Tuesday, April 29, 2014

Pipeline plan is halted, but area landowners remain wary

By Kayla Pickrell
University of Kentucky School of Journalism and Telecommunications

The halting of a proposed natural-gas-liquids pipeline that would stretch across Kentucky and through part of greater Midway left some landowners relieved but wary.

“The general feeling is that everyone is cautiously optimistic,” said Corlia Logsdon, creator of www.StopBluegrassPipeline.us. “We do feel that the announcement is good news for those of us who were concerned about our families, neighbors and our homes.”

The Bluegrass Pipeline, planned to run from West Virginia to the Gulf Coast, posted a statement from representatives Bill Lawson and Michael McMahon saying that the project is on indefinite hold. The reason given was because the customer base for natural gas liquids on the coast was not large enough to build on the planned route. “Bluegrass Pipeline appears to be a project that’s ahead of its time,” they said.

Part of a Q and A on the pipeline website said, “While we are not investing additional capital in this project at this time, we continue to seek customers for this project and still believe the Bluegrass Pipeline project is the best long-term solution in the marketplace for moving this resource to market.”

If Bluegrass Pipeline does not exercise its options for easements within the three-year term of the option, the easement will expire.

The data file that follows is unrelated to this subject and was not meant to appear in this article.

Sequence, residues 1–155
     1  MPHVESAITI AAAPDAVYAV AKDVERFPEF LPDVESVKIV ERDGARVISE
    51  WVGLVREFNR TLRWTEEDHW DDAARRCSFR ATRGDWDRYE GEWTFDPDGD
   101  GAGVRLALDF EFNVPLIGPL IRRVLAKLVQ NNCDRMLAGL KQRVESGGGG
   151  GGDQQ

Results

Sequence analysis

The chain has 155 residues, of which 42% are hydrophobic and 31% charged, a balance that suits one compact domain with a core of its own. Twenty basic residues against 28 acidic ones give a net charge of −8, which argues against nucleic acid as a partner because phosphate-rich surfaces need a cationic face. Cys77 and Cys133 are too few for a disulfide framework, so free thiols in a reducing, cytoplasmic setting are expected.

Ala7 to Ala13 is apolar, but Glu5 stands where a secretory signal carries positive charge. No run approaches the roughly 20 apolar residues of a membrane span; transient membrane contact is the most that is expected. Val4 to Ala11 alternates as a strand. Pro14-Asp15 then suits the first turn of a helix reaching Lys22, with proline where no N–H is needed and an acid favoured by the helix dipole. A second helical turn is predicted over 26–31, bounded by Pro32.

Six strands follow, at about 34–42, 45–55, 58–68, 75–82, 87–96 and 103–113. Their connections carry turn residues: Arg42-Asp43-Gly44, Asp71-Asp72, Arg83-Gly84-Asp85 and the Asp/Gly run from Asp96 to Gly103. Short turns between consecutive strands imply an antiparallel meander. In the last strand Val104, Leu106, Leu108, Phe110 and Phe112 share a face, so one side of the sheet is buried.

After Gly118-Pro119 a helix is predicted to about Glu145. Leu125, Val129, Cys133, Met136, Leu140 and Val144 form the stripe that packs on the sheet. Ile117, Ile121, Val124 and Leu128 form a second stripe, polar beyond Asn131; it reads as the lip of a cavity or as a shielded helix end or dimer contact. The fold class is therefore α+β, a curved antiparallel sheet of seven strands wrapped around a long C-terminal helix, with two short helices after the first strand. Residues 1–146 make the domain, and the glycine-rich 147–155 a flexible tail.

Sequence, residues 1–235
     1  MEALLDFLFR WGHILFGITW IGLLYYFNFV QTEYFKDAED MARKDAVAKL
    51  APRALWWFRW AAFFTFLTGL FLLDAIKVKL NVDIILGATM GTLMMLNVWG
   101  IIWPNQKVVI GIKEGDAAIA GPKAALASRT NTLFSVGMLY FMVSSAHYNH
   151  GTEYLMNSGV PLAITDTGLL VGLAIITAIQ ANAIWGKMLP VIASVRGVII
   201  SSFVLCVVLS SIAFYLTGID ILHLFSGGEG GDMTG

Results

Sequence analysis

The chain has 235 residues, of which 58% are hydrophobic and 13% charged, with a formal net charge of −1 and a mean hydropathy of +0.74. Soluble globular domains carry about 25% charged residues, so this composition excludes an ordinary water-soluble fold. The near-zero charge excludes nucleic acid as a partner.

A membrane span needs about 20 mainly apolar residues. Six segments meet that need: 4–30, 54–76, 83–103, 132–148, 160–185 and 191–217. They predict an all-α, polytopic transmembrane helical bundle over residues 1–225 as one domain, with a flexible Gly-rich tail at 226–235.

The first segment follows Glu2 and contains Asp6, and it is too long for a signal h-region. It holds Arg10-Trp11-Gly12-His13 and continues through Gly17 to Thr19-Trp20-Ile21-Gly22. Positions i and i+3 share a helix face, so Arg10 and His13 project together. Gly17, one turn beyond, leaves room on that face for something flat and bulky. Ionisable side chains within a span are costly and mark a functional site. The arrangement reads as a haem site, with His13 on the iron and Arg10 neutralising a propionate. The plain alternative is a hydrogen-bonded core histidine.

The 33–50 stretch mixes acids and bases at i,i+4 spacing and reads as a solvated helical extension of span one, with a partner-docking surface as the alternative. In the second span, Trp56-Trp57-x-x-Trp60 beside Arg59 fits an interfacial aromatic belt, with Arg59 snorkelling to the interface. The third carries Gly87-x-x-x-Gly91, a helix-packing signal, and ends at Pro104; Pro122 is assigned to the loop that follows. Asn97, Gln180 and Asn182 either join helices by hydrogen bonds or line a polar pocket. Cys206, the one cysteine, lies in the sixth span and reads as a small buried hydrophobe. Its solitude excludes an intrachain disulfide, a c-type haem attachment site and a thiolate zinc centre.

In late March, a Kentucky judge ruled that natural-gas-liquid pipelines cannot use eminent domain to obtain land rights from Kentucky landowners. The Q and A said that ruling, which is being appealed, did not affect the decision.

Opponents rallied against the pipeline, while supporters stood strong for the benefits it would grant them and their communities. Those who granted easements to the company were given non-refundable money and will not be asked to return it, the pipeline representatives said.

The pipeline has closed its local offices, but Lawson and McMahon said they want to maintain a close connection with Kentucky communities: “We value the relationships we have built and plan to stay connected to the communities, providing updates on the project as needed and keeping an open door for continued dialogue.”

Logsdon and those in her organization, Stop the Bluegrass Pipeline, do not believe the war is over.
“We will be safe for a little longer,” she said. “However, we also believe very strongly that this project could be revived in the future and that we cannot stop working to get safeguards in place to protect Kentuckians' property rights from corporate abuse of eminent domain by companies that are not in public service.

“Clearly, we have much work to do, and I am confident our group will continue working to protect our natural resources that we all depend on for life and livelihood.”

The pipeline representatives wrote, “We spent more than a year listening and talking with communities all along the route. We learned much about each and every community we interacted with.  That is why we know that this project while ahead of its time is needed to advance the manufacturing revolution in this country, which is creating thousands of jobs and advancing energy independence.”

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